ENDORSED HB 445 by Rep. Mary Gonzalez, D-El Paso, which, in addition to places of worship, would allow a local entity or campus police department to refrain from cooperating with federal immigration officers on school property, at colleges and universities, or at hospitals and clinics;

ENDORSED HB 1217 by Rep. Lina Ortega, D-El Paso, (identical companion is SB 166 by Sen. José Rodriguez, D-El Paso), which would repeal SB 4 provisions related to law officers questioning immigration status at any stop;

ENDORSED SB 167 by Sen. Rodriguez (identical companion is HB 3811 by Rep. Trey Martinez Fischer, D-San Antonio), which would repeal a portion of SB 4 that was found by a judge to violate the free speech of local officials;

ENDORSED SB 168 by Sen. Rodriguez, which would repeal a portion of SB 4 providing for removal from office of local officials over enforcement of federal immigration laws;

ENDORSED HB 67 by Rep. Gonzalez, which would require collection of data on unaccompanied minors kept in immigrant detention facilities;

ENDORSED HB 855 by Rep. Armando Walle, D-Houston, which would create a committee on licensing standards for immigrant detention facilities;

ENDORSED HB 1765 by Rep. Diego Bernal, D-San Antonio, which would tighten standards for child-care facilities that detain unaccompanied minors;

ENDORSED HB 2485 by Rep. Jessica Farrar, D-Houston, which would require investigations of abuse and neglect in immigrant detention facilities;

ENDORSED HB 3740 by Rep. Ina Minjarez, D-San Antonio, which would license immigrant detention facilities;

ENDORSED HB 3664 by Rep. Gina Hinojosa, D-Austin, which would limit detention of unaccompanied minors to 20 days;

ENDORSED SB 498 by Sen. Joan Huffman, R-Houston, which would allow a commercial landlord or tenant to vacate a lease if the property is being used for prostitution or human trafficking;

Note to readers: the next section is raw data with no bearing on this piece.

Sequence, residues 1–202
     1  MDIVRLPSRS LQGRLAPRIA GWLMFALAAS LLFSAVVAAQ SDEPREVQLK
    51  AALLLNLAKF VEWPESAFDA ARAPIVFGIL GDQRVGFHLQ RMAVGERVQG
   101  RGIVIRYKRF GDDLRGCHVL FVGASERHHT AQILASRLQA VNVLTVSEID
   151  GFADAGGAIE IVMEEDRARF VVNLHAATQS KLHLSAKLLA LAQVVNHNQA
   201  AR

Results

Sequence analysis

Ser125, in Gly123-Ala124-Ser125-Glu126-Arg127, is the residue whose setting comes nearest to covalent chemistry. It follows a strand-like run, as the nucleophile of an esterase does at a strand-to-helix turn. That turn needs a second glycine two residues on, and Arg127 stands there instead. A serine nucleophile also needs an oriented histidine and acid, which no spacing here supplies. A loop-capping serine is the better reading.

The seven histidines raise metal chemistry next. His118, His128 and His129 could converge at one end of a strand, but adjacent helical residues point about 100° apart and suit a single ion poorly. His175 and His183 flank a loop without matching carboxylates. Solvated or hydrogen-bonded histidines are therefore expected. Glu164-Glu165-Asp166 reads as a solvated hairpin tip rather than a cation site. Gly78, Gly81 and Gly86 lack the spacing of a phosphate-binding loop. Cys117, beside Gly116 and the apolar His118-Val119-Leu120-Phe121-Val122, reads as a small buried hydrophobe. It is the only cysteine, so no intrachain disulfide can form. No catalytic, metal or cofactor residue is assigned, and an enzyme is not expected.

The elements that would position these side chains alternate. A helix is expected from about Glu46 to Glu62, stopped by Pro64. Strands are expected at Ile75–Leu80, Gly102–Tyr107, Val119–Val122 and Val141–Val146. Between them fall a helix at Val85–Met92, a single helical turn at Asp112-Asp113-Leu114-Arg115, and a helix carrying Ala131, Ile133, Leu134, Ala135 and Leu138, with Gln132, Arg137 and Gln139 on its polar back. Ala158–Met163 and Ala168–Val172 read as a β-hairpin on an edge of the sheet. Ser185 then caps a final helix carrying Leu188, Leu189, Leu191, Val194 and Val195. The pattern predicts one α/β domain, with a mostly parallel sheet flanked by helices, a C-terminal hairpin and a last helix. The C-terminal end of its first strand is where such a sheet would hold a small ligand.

ENDORSED SB 72 by Sen. Jane Nelson, R-Flower Mound, which would create a human trafficking prevention coordinating council;

ENDORSED HB 2768 by Rep. Martinez Fischer, which would provide in certain circumstances for issuance of an occupational driver license to drivers whose licenses have been suspended;

ENDORSED HB 1219 by Rep. Roland Gutierrez, D-San Antonio, which would ratchet up required levels of health coverage for education employees;

ENDORSED HB 426 by Rep. Alma Allen, D-Houston, which would raise benefit payments by the Teacher Retirement System;

ENDORSED HB 43 by Rep. Hinojosa, which would bar discrimination in admissions by open-enrollment charter schools based on discipline history;

ENDORSED HB 636 by Rep. James White, R-Hillister, which would add open-enrollment charter schools to the list of entities that must disclose interested parties in contracting;

ENDORSED HB 92 by Rep. Eddie Rodriguez, D-Austin, regarding requirements when a campus turnaround plan results in creation of a community school;

ENDORSED HB 326 by Sen. Carol Alvarado, D-Houston (companion bill is HB 197 by Rep. Ron Reynolds, D-Missouri City), a pay raise proposal that includes teachers, librarians, school counselors and nurses;

ENDORSED SB 95 by Sen. Menéndez, D-San Antonio, another teacher pay raise bill;

ENDORSED SB 96 by Sen. Menéndez, which would limit standardized state testing to tests required by federal law; and

OPPOSED HB 1133 by Rep. Jonathan Stickland, R-Bedford, which would relax public school class size limits in early grades to allow for use of average class sizes rather than the current limits for each class.